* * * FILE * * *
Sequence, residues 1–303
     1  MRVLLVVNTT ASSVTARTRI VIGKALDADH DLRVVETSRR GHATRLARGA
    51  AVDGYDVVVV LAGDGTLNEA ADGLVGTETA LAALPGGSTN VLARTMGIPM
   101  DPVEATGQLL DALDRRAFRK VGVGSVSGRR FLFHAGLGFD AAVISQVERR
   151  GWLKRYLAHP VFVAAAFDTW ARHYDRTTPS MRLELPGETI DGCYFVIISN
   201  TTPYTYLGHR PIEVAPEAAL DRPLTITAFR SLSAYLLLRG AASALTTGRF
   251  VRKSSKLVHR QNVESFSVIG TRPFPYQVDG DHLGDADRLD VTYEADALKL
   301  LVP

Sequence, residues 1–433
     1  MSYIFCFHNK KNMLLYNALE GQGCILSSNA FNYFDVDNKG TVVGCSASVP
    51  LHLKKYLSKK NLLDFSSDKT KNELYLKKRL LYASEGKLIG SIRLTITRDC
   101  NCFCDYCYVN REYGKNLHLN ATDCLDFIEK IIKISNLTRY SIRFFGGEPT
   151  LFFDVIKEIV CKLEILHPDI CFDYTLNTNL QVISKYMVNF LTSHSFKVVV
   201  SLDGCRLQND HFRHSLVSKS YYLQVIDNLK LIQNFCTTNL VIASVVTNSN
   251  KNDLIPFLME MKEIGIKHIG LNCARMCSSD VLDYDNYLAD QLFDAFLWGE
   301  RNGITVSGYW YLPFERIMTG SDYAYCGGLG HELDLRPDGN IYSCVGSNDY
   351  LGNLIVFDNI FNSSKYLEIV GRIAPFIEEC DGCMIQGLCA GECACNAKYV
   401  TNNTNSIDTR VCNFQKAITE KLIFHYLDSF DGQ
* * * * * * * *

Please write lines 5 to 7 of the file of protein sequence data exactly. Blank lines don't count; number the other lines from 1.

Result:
   151  GWLKRYLAHP VFVAAAFDTW ARHYDRTTPS MRLELPGETI DGCYFVIISN
   201  TTPYTYLGHR PIEVAPEAAL DRPLTITAFR SLSAYLLLRG AASALTTGRF
   251  VRKSSKLVHR QNVESFSVIG TRPFPYQVDG DHLGDADRLD VTYEADALKL